Malibu II (oz10393)
About this Plan
Malibu II. Radio control slope soarer model. Wingspan 76in, wing area 436 sq in.
Quote: "Malibu. World Record Holder R/C Sailplane. 76 inch span. Thermal, Slope, Power Pod [for Cox TD .049].
The Malibu is a deluxe radio controlled sailplane designed for two channel digital radio gear. Its highly efficient aerodynamic design provides excellent glide ratio for towline gliding, and good wind penetration for slope soaring. The Malibu set a new world record of 1510 laps, 302 kilometers (189 miles) in Hawaii in August, 1970.
The airframe utilizes rugged all balsa Monocoque construction, and weighs only 2 lbs. with Kraft KP4B equipment installed. The model features a large tapered wing of 76 inch span and 460 square inch area with over 12 to 1 aspect ratio. Tested and approved by R/C Modeler magazine."
Direct submission to Outerzone.
Update 31/10/2020: Added kit review from MAN, December 1970, thanks to RFJ.
Quote: "Field and Bench Review: Astro-Flight Malibu, by Charles M Kenny.
Gliders have always had a special place in my modeling heart, dating back to the early 1940s when as a fledgling hobbyist I built Thermic 18's, 20's and many Thermic 50's and 50X's. In the fifties while in college my roommate and I built a Jasco Floater which flew beautifully. We even flew the Floater at night with a small flashlight illuminating the inside of the fuselage. The fuse was covered with white doped silkspan and gave off an erie glow from the light. However the local gendarmes put a stop to that after the second night because alarmed neighbors were complaining about a white 'thing' flying around the park.
When an opportunity to do a Field and Bench on a glider came along, I grabbed it, because my old love was still there. MAN asked me to review Astro Flite's Malibu and the new Kraft KP-3B system with KP-12 servos. Malibu is a sleek looking glider having a wing span of 76 in, wing area 456 sq in, aspect ratio of 12 to 1, modified NACA 4412 airfoil, stab area 72 sq in, vertical tail area of 41 sq in, and a 42 in fuselage length.
Upon receipt of the kit my first order of business was to go over the plans. Two sheets are provided, one showing fuselage and empenage details, and theother two wing halves. A six page instruction book is also included providing construction and flying info. After reviewing plans and instructions, fuselage construction is started.
All fuselage formers are die cut from 1/16 plywood and 1/8 balsa fuselage sides and bottom are cut to size. The 1/8 bottom is pinned to the fuselage plan view and formers are glued vertically at their proper positions. To aid in alignment a center line was drawn on the fuselage bottom and center line for each former was marked. A small triangular piece of balsa was added to the bottom of each former to aid in mounting to the fuse-lage bottom and to insure verticality. Formers are 1/4 in narrower than the fuselage bottom and should be centered so 1/8 in of the fuselage bottom shows on each side.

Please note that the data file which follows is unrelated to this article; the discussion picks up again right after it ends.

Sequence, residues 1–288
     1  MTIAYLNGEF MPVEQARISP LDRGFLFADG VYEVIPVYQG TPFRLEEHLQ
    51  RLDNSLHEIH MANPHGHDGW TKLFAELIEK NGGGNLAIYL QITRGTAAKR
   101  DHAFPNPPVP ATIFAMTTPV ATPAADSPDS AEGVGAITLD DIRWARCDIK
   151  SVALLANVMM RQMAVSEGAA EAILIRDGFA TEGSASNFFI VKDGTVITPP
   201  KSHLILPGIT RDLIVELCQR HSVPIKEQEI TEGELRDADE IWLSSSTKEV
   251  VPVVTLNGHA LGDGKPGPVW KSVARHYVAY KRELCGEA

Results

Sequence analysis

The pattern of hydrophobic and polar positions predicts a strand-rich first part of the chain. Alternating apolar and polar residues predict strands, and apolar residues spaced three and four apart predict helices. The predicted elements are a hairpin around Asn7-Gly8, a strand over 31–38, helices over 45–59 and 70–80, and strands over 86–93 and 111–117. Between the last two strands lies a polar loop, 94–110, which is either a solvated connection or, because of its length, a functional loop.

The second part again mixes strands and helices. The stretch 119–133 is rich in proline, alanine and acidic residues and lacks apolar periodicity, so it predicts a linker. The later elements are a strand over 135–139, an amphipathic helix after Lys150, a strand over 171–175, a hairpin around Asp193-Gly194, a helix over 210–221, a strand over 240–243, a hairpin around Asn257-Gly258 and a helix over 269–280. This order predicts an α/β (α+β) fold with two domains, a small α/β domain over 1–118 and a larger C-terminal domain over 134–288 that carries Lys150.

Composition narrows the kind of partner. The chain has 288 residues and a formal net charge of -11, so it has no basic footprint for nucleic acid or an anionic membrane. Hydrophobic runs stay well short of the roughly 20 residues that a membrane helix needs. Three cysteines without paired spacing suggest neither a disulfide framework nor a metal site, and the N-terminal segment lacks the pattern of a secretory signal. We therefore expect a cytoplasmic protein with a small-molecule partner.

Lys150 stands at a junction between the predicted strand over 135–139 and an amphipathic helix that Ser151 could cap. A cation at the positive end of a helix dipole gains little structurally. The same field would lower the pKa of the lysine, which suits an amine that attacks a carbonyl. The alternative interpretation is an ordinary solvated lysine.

The third former from the front (c) should be positioned for servo mount spacing. Kraft KPS-9 and 10 spacing are shown on the plans. 1/4 x 3/8 servo mounting blocks provided should be glued to the third and fourth formers (C and D) at this time. Next the nose block is glued in place and 1/8 balsa sides are fastened using a clothes pin to clamp the tail together and weights or a C-clamp to close the forward end of the fuselage against the formers.
While the fuselage was drying, I glued the tail surfaces in place on the plan. Vertical fin is made from two 1/4 in thick pre-cut parts while the stab and elevator are 1/4 balsa pre-cut. Elevator and rudder must be tapered and sanded, stab and fin just need sanding.
Next 1/4 x 1/4 balsa push rods were assembled. I used .065" dia Oxy-weld #7 welding rod for push rod ends. This material is much easier to bend than music wire and is more than adequate strengthwise. A pound of weld rod costs $.40 and will probably last the average builder several years. The servo end of the push rod is left straight and tail ends are bent as shown on plan. Weld rod ends were assembled to the push rod by wrapping with 1/2A control line cord and then smearing with Titebond. After installing push rod plastic exit guides in the fuselage rear, push rods were installed. Top of the fuselage was then sheeted..."
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User commentsThe Monterey (oz8705) was the evolution of the Malibu II, adopting a 100 in wing. Read the article of Monterey considering it's quite similar. R Boucher was the founder and owner of Astro Flight. You can read the interesting history of Astro Flight on Wikipedia.
Pit - 31/08/2018
Excellent, thanks Pit.
SteveWMD - 31/08/2018
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